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Learn to program with open source

Posted on 27 Apr 2010 at 14:43

Simon Brock guides you to the best open-source resources to learn programming

What about frameworks?

While a program that prints “Hello world” on the command line may be the quickest to write, all the applications that I spend my days writing open their own windows, and the leap from terminal programming to windows programming has always been hard to make.

To make it easier we have programming frameworks, which are kits of prefabricated window parts. If you know how to lay bricks you could build a house – you might need some design help from an architect and some bricklaying skills to ensure all the walls stay upright. An alternative is to buy prefabricated sections – walls, roofs, doors, windows – and assemble them into a house. It will almost certainly be quicker, but all your houses will look the same, and it won’t work for a fancy garden wall, where you’d still need a bricklayer.

CodeFrameworks are just like that, and there are many examples for almost every language, especially for Java and other web-based languages. One I’ve often mentioned in this column is Ruby on Rails, a framework based on Ruby, but there are equally well-known ones for PHP, such as Cake and Zend. Using a framework can be helpful, and addictive, but using pre-fabricated parts may not give you exactly what you want under all circumstances.

Nevertheless, they can provide a great way into programming, because all the tricky bits you don’t want to face immediately have been done by someone else (and hopefully, they did them right). A good approach might be to learn to create iPhone apps using a web app toolkit, which enables you to create something tangible you can see immediately in the iPhone simulator, which unfortunately only works on the Mac.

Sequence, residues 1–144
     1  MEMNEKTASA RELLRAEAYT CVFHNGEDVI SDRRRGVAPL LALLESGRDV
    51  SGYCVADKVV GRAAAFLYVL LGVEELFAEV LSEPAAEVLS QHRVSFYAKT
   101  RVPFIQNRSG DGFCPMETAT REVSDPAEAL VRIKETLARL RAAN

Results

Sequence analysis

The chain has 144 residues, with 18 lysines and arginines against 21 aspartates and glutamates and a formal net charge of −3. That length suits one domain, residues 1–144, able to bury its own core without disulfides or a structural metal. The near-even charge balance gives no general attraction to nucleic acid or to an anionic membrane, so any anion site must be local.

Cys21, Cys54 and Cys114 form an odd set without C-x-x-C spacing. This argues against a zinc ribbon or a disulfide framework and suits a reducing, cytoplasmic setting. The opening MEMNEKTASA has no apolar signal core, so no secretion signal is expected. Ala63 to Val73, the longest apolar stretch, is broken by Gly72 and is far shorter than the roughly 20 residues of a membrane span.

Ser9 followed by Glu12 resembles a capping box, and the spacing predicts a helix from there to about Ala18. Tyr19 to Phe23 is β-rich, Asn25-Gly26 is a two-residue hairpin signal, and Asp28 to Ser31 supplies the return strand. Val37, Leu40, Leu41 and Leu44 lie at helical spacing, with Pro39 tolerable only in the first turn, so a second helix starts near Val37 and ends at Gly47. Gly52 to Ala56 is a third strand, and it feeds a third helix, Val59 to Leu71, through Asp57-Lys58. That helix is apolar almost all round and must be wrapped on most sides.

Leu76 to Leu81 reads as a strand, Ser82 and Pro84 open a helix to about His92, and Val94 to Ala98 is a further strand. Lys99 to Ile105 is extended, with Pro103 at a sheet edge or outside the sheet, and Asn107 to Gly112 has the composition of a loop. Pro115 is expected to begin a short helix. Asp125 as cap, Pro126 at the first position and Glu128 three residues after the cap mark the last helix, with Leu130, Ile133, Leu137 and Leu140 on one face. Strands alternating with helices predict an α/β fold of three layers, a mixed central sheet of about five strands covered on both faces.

Integrated Development Environments

To write real commercial programs you’ll want to use an IDE that combines an editor, a way to insert parts from a framework, and debugging tools under a single interface. Once upon a time simple IDEs existed, but if you look at today’s most popular offerings, such as Eclipse and Xcode, they’re anything but, and learning them is almost as lengthy as learning the language. There’s demand for a cut-down IDE that can be used along with an open-source book and a compiler to learn programming, but as far as I know it doesn’t exist.

The best you can manage today is a smart programmers’ editor that supports syntax colouring and lets you run your program code from inside it – jEdit, SciTE and Notepad++ are open-source examples available for Windows, Linux and Mac. Some of these can take you to the source line of an error, although that’s the limit of their debugging help.

There’s a huge amount of open-source resources on the web to help you learn to write programs, and hopefully I’ve steered you toward joining the next generation of open-source programmers.

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User comments


error in link behind

By lellis316 on 29 Apr 2010

I agree on PHP

PHP should be banned, without doubt. I've even removed it from my servers and refuse to use it on my main production box.

I think C is a good beginner language. Yes, it is very easy for people to make mistakes with it, but questions like "why does infinite recursion crash my program" bring you on to OS topics like the stack. How to dynamically allocate memory brings you on to the heap. How might you attack this application brings you on to ASLR, bad mem alloc etc. How do you run more than one application at once brings you on to scheduling. Shared libraries, linking etc bring you on to compilers, code re-use, memory and more.

Pointers are really interesting and truly explain the value of a linked list.

Furthermore, you can disassemble your C and take a look at assembly, CPU instructions, system calls...

By contrast, other languages only teach you abstract concepts. Whilst these are good to know and infinitely more practical, everyone writing code should understand they're doing so at a level of abstraction from the system.

By Ninefingers on 29 Jun 2010

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Simon Brock

Simon Brock

Simon runs UK-based Wide Area Communications, the company behind websites such as The Spectator. He's a contributing editor to PC Pro and a fervent believer in open-source technologies..

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